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non-photorespiratory condition

Imagine a pea plant. If that pea plant is forming new pods, it requires a large amount of sugar energy to grow larger. This is similar to how you eat food to grow taller and stronger. But rather than going to the store and buying groceries, the pea plant will use sunlight to obtain the energy to build sugar. When the pea pods are fully grown, the plant may no longer need as much sugar and will store it in its cells. A hungry rabbit comes along and decides to eat some of the plant, which provides the energy that allows the rabbit to hop back to its home. Where did the rabbit’s energy come from? Consider the process of photosynthesis. With the help of carbon dioxide and water, the pea pod used the energy from sunlight to construct the sugar molecules. When the rabbit ate the pea pod, it indirectly received energy from sunlight, which was stored in the sugar molecules in the plant.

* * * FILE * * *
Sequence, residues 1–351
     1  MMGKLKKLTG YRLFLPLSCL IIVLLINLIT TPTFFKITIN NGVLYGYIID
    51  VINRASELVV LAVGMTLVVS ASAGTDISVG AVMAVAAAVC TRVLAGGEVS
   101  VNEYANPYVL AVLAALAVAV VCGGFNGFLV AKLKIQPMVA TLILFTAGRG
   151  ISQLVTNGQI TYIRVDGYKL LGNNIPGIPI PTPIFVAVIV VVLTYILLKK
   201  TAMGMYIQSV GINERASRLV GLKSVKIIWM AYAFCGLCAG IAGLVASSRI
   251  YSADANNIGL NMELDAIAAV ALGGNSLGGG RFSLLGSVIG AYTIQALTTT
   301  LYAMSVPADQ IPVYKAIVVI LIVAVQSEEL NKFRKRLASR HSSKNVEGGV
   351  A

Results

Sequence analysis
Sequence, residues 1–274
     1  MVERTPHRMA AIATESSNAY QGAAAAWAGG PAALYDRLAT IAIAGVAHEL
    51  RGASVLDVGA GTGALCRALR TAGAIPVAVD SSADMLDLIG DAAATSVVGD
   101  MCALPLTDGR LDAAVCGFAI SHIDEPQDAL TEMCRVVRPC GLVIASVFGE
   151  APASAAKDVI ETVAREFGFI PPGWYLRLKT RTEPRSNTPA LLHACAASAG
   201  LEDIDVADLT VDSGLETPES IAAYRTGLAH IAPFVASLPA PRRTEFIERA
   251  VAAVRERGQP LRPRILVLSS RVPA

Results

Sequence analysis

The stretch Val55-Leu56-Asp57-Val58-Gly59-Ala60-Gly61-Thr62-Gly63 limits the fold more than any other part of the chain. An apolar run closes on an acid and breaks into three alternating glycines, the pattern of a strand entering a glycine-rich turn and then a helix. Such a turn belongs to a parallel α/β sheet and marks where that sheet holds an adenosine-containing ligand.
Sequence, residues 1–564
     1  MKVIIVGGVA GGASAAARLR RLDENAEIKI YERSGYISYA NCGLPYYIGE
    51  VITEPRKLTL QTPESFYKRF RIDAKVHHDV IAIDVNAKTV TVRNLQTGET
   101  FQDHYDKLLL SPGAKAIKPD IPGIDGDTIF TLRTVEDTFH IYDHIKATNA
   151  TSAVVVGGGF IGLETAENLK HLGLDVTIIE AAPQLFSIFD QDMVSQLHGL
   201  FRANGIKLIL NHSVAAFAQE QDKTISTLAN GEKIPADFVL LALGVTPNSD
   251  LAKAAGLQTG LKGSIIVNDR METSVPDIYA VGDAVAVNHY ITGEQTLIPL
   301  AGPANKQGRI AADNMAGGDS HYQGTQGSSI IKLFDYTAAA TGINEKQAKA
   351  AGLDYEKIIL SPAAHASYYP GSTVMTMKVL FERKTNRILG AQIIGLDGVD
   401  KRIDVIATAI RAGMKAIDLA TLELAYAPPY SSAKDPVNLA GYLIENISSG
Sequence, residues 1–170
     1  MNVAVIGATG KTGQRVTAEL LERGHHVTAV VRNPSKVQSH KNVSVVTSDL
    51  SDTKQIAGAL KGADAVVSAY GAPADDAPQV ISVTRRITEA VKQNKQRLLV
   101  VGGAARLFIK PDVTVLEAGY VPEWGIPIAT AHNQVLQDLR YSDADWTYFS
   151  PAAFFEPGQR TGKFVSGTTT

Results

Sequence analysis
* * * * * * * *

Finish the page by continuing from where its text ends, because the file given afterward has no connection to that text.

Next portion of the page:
Collage of bread and wheat

We can thank photosynthesis for bread! Wheat grains, like the ones pictured, are grown in huge fields. When they are harvested, they are ground into a powder that we might recognize as flour. CREDIT: Elena Schweitzer/Shutterstock.com

Humans, other animals, fungi, and some microorganisms cannot make food in their own bodies like autotrophs, but they still rely on photosynthesis. Through the transfer of energy from the Sun to plants, plants build sugars that humans consume to drive our daily activities. Even when we eat things like chicken or fish, we are transferring energy from the Sun into our bodies because, at some point, one organism consumed a photosynthetic organism (e.g., the fish ate algae). So the next time you grab a snack to replenish your energy, thank the Sun for it!